THE Speaker of the House of Representatives Femi Gbajabiamila has faulted the 1999 Constitution, stating that it falls short of standard because it was a product of a hurried national compromise to return the country to democratic governance.
Speaking at the South-West zonal public hearing on the ongoing constitutional amendments in Lagos on Tuesday, Gbajabiamila admitted that the constitution failed to address some critical national questions confronting the country.
He said that the National Assembly would need the inputs and support of the Nigerians to be able to amend the constitution to give it a national outlook.
“A nation’s constitution is the foundation of its existence. It is supposed to set the terms of our nationhood and define who we are in a manner that reflects both our common truths and highest aspirations,” he said.
“Our constitution falls short of this standard because the 1999 Constitution is the product of a hurried national compromise that we entered into two decades ago in other to ensure that the military returned to the barracks and that we returned to democratic government.”
Gbajabiamila said though the current exercise is not the first of its kind, it might be the most important one in the nation’s recent history as the decisions to be made would have far-reaching consequences for the future of Nigeria.
Dismissing the doubts about the ongoing exercise, the Speaker noted that there was no perfect constitution anywhere in the world, but that it was imperative for Nigeria to have a near-perfect constitution to enable the country to confront and resolve many of its political, economic and socio-cultural challenges.
The Speaker, therefore, urged Nigerians to participate fully in the ongoing process so that their inputs would be captured for the country to have a new direction, adding that they could not afford to miss the opportunity of addressing their challenges and sustaining their future at this critical moment.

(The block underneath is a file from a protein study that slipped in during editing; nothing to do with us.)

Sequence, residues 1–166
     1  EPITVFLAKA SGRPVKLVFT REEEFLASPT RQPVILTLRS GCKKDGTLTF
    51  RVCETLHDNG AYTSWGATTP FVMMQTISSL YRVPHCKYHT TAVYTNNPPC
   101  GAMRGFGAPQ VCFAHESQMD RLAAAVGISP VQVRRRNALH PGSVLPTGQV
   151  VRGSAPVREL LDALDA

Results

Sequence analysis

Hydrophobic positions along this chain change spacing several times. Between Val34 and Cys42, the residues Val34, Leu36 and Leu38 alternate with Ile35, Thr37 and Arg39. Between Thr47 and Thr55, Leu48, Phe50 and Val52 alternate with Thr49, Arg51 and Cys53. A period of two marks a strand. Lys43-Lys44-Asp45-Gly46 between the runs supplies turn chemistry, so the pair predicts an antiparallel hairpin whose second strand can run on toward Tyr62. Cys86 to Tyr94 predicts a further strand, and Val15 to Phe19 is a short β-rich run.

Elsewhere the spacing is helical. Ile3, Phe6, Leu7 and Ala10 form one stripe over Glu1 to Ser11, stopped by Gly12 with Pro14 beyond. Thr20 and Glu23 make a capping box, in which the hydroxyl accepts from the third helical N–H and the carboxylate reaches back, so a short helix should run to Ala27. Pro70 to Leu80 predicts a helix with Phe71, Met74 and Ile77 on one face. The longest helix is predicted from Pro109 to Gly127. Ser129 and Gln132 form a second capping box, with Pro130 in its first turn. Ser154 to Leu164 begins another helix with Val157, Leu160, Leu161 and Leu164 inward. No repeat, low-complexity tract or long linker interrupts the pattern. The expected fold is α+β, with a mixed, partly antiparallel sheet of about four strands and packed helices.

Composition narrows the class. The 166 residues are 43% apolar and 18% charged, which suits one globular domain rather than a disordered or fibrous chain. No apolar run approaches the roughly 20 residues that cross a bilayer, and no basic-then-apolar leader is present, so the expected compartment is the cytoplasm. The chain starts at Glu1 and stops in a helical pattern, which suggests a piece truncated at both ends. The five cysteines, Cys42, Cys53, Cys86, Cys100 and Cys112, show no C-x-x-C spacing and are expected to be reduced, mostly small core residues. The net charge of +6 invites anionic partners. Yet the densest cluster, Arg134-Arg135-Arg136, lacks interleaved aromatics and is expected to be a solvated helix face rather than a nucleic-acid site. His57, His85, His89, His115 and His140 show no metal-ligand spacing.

He assured Nigerians of the sincerity of purpose of the 9th National Assembly to deliver a reviewed constitution that everyone would be proud of.
“The foundational constitution of the United States of America deemed people of colour to be ‘less than’ and denied women the right to vote. It did not include any limits on the President’s term of office and allowed for citizens to be denied the right to vote for failure to pay the ‘poll tax’. Twenty-seven reviews and amendments, over one hundred years cured these and other defects.
“No nation in the world has a perfect constitution, but we need a near-perfect constitution in Nigeria and we can achieve that through substantive amendments that significantly alter the character of our nation.
“Therefore, the task before us now is to use this process of review and amendment to devise for ourselves a constitution that resolves the issues of identity and political structure, of human rights and the administration of government, resource control, national security and so much else, that have fractured our nation and hindered our progress and prosperity.
“Our job is to produce a constitution that turns the page on our past, yet heeds its many painful lessons. It is not an easy task, but it is a necessary and urgent one.”
He added that the National Assembly would not be able to deliver on the assignment if it restricts itself to tinkering around the edges of the constitution or by imposing upon itself artificial redlines that restrict an honest conversation.
He pledged that the House of Representatives would work conscientiously and in good faith to bequeath to the nation a constitution that recognises the country’s diversity and draws strength from it, and addresses once and for all, the fault lines that distract from nation-building.
“It is all too clear that many of our citizens have come to expect too little of our politics and government. We are suffering from the tyranny of low expectations and the cynicism that causes us to believe that the political process cannot produce anything worthy or worthwhile.
“I understand the causes of this cynicism, but I refuse to share in it. I still believe that politics and government in Nigeria can be a force for good and that by our common endeavour we can achieve the vision of a just, peaceful, and prosperous society.”
He said beyond these public hearings, citizens still have the opportunity to make submissions and it would be considered.
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